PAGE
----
Whilst the analyses and designs need calibration and verification, they do give some insight into possible improvements in current bolting practice.

Pretensioning

Pretensioning is considered to have a major application in laminated roof/moderate stress environments where the design issue is the resistance to shear. Pretensioning may have a lesser application in high stress environments as the pretensioning reduces the available axial capacity to resist separation as failed blocks begin to rotate out of the roof.

Point Anchoring

Point anchoring may have an application in allowing easier automation of the bolting cycle. It is assessed that the perceived disadvantages with these bolts can be addressed with minimal engineering design effort. Point anchors result in larger loads being applied to the collar and anchor. Satisfactory anchorages are believed to be available but a method of engineering a yielding collar assembly will need to be developed.

Off Centre Line Bolting

In laminated roof/moderate stress environments, bolts should be orientated away from the centreline. This may be an alternative to pretensioning.

Detection of Shear

The spacing of strain gauges on instrumented roof bolts will need to be reduced to about 50mm if shear is to be detected.

 

Conclusion

The project was formulated to examine and outline design procedures. The comparisons between field data and our designs are very encouraging and suggest that the procedures have great potential. More work is required to calibrate the procedures and to produce a routine design tool that can be used by mine engineers. In addition, the research to date already points to several opportunities to reduce bolting intensities and cycle times through a better matching of roof deformation patterns to known bolt behaviour.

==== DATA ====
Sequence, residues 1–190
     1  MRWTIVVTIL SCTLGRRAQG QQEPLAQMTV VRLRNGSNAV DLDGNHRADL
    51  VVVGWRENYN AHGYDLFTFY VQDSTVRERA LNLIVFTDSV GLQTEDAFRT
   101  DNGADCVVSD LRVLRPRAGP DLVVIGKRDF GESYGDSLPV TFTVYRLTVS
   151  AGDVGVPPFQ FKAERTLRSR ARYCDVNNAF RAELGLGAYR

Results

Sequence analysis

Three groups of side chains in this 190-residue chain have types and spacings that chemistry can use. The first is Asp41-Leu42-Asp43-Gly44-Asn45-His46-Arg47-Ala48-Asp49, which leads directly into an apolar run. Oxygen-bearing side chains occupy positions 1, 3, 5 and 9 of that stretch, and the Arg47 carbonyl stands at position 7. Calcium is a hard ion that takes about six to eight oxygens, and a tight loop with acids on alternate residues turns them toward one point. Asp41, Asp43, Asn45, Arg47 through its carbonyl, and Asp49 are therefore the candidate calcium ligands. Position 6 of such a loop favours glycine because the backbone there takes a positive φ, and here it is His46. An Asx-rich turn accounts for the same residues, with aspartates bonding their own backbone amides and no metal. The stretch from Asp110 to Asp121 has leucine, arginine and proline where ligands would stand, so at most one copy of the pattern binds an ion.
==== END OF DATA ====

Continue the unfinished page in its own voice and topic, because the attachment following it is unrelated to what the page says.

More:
Further Research

There is an urgent need to verify and calibrate the analytical methods developed during this research. This was recognised in the initial proposal whereby funding was sought only to investigate the possibility of developing simple analytical techniques and not to produce a verified and calibrated design technique for general release.

Verification will require better knowledge of the distribution and nature of defects within the bolting horizon, in particular the extent and direction of shear movements along defects.

A number of practical installation options are suggested by the analyses in Chapters 2 & 3 of the final report such as:

  • Outward inclination of bolts. It is recommended that the practical advantages of an inclined bolt pattern be established. Figures suggest that outward bolt inclination offers the opportunity to significantly increase the effective installed capacity of roof bolts to levels beyond even those of pretensioning. Conversely, inward orientation of bolts is shown to be counterproductive. Properly designed machine-mounted drill rigs may offer the opportunity to install high angled bolts. 
  • Point anchored bolts. These offer the potential of reduced installation times as a result of the removal or time required for the resin insertion step. However there is a need to upgrade the strength and yielding capacity of the anchors and in particular the collar. Point anchored bolts offer easier pretensioning. Outbye grouting of the hole annulus may be required to prevent long-term deterioration of the rock. 
  • Pretensioning - offers substantial benefits for beam building but reduces the capacity of the bolt to resist any subsequent movement. A mix of pretensioned and untensioned bolts may be more appropriate. Recognising the distribution of shear and vertical movements in the roof, pretensioning could be restricted to the outer bolts where shear is dominant whilst dowels could be installed closer to the centreline where bed separation is more likely should the beam start to delaminate.